During our four-day trip around some of the villages of rural Provence, we made sure to eat at a variety of Bistrots de Pays. Often the only business left in a small village, the bistrot helps keep the village alive by offering food, drinks, and newspapers as well as serve as a meeting place to catch up on the village news.
There are 53 Bistrots de Pays in Provence and, like the meals they offer, they all have their special flavour. We didn’t get around to all 53 – but the three we did get to served up some memorable food.
Café des Poulivets in Oppède-les-Poulivets. Stopping in on a Friday afternoon, the outdoor terrace was filled with locals tucking into the café’s speciality: Aïoli Provençal. Aïoli is a sauce with the consistency of mayonnaise, made with garlic and olive oil, and is the star of the dish, not the condiment – everything else on your plate is there to dip into the aïoli. Served with a plate of boiled potatoes and carrots, perfectly poached cod, and a ladleful of escargots, we tucked in (well, okay, I’ll be honest, I didn’t have the stomach for escargots but I have it on good authority that they were delicious…), all washed down with a carafe of the local rosé wine. A simple, light and satisfying lunch for about €16.
Bistrot de Pierrerue in Pierrerue. Organic is the watchword for this bistrot and the décor is light and airy, with a wall full of old-fashioned postcards – just the right side of kitsch – varnished onto plaques of wood. The food was rich and flavourful and comes from a set menu – whatever’s available in the market is what goes on the plate. Our dinner consisted of tomato and goat’s cheese tartlet, duckling breast with cherries, finished with a slice of lemon-lime tart (the olive oil and spelt cake had been polished off by the family at the next table). Dinner is approx €24, excluding wine.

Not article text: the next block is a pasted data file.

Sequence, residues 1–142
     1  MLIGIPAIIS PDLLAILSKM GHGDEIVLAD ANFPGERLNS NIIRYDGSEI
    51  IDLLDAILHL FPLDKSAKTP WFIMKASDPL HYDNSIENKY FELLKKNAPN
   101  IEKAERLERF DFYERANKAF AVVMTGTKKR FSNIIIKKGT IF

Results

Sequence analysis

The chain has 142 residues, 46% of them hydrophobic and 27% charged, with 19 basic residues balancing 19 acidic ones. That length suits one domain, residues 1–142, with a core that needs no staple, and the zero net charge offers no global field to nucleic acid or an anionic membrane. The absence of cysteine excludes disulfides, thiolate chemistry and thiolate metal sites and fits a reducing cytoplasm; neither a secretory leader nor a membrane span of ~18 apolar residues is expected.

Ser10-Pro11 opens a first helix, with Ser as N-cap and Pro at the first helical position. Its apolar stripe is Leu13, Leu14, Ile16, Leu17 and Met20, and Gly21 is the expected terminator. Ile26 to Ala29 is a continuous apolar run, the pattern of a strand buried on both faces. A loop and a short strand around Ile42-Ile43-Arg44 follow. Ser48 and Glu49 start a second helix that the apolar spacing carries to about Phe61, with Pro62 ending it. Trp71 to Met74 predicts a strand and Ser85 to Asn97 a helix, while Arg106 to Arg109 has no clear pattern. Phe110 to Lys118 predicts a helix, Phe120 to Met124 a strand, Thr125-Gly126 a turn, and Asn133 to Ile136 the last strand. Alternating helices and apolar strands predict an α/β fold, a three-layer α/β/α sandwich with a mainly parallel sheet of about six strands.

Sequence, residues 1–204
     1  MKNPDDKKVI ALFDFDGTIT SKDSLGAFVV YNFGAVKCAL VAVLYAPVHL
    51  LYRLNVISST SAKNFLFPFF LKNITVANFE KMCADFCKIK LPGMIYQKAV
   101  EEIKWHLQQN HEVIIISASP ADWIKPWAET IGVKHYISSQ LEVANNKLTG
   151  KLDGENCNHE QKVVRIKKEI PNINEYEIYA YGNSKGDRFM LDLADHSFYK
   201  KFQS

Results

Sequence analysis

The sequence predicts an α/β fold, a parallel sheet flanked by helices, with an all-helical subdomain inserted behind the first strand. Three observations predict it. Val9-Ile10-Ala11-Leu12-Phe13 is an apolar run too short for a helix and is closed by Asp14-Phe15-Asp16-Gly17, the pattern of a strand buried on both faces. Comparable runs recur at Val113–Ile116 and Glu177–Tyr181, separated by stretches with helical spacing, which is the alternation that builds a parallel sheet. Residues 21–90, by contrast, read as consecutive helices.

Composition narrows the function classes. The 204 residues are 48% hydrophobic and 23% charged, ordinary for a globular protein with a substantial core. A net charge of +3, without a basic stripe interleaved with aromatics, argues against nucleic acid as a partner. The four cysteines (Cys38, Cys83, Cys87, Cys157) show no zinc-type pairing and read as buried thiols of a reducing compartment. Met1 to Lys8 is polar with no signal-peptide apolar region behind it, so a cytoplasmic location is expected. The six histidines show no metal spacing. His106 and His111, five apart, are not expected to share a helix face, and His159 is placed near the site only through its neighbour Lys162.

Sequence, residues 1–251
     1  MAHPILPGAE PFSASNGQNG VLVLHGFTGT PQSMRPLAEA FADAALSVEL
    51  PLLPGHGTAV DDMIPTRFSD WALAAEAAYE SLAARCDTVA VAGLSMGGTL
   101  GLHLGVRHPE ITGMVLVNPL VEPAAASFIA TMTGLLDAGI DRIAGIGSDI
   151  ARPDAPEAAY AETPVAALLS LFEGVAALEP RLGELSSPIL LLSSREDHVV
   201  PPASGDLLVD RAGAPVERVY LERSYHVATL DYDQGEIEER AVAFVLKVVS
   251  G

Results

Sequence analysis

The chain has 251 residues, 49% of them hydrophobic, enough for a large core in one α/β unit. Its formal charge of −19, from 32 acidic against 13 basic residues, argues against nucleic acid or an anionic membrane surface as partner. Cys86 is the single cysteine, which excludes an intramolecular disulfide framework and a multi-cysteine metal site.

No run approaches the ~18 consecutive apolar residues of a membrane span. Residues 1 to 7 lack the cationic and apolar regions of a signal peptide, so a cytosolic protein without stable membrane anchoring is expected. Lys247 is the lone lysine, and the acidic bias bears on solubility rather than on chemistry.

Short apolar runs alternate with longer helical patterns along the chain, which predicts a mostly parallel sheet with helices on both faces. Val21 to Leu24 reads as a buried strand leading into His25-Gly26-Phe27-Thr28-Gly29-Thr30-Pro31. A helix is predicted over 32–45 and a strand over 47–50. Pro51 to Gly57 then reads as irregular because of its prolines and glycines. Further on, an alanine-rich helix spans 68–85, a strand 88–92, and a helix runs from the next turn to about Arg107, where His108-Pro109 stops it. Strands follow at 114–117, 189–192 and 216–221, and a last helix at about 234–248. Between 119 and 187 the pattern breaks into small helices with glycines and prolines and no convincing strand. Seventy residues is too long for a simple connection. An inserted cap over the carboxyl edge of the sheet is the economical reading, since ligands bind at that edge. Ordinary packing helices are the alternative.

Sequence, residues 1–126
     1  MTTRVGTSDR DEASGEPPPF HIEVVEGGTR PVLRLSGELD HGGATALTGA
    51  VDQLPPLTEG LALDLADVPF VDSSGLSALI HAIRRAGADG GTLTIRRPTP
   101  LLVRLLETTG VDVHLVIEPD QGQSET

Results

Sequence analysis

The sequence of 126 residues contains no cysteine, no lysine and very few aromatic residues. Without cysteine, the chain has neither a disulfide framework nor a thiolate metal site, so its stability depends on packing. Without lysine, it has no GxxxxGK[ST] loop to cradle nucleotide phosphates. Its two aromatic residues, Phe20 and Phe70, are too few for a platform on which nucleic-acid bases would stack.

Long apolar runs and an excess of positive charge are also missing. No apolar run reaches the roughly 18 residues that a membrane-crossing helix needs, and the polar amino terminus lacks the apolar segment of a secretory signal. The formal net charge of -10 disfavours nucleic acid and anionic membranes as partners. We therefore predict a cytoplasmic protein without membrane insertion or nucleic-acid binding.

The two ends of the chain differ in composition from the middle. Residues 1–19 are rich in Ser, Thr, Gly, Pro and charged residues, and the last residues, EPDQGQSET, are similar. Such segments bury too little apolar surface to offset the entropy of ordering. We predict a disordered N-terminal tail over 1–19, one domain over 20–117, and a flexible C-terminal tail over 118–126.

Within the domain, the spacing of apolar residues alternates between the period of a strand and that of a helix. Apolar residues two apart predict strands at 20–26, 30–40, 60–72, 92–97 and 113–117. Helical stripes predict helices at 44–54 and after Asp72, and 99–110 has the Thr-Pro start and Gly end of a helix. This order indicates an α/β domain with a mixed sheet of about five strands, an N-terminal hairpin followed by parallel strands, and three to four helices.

Chez Jules, Puimichel. Our last dinner at Provence was spent at Chez Jules in the tiny village of Puimichel. We were lucky enough to bag a table outside, as the evening was warm and balmy. The trees were strewn with coloured fairy lights and the church next to the bistrot would chime out the hour – this is what a French holiday is all about. It’s easy to gorge yourself in this place – I started with pâté with a broad bean salad before tackling the main dish of lamb shank flavoured with rosemary. Then out came the cheese platter – four different kinds of goat’s cheese and ample slices of blue cheese, served with a basket of fresh bread. Could I eat any more? Yes. I’d been sitting there for two hours, that takes a lot of energy – so to fortify myself, I had the rhubarb mousse. All this for about €30. Considering I was so full, I didn’t need to eat for a few days afterwards, pretty good value.
For more information on Bistrots de Pays, go to www.bistrotdepays.com.
Kathi Hall is the editor of Escape magazine for cottages4you. She loves travelling and being surprised by what she finds, she’s a fluent French speaker in her head but strangely mute when confronted with an opportunity to speak it out loud and she firmly believes in trying all local specialities – except for snails.